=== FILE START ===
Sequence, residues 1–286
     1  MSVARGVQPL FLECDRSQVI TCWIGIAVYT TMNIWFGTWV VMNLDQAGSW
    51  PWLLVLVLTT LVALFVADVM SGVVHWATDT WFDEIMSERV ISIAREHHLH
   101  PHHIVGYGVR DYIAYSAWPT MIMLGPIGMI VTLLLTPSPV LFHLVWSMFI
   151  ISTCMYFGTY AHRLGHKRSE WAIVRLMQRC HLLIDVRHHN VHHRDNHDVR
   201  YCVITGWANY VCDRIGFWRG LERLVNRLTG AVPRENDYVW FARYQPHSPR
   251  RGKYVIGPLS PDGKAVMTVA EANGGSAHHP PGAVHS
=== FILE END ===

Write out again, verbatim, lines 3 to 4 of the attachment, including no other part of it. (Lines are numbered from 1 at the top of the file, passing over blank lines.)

    51  PWLLVLVLTT LVALFVADVM SGVVHWATDT WFDEIMSERV ISIAREHHLH
   101  PHHIVGYGVR DYIAYSAWPT MIMLGPIGMI VTLLLTPSPV LFHLVWSMFI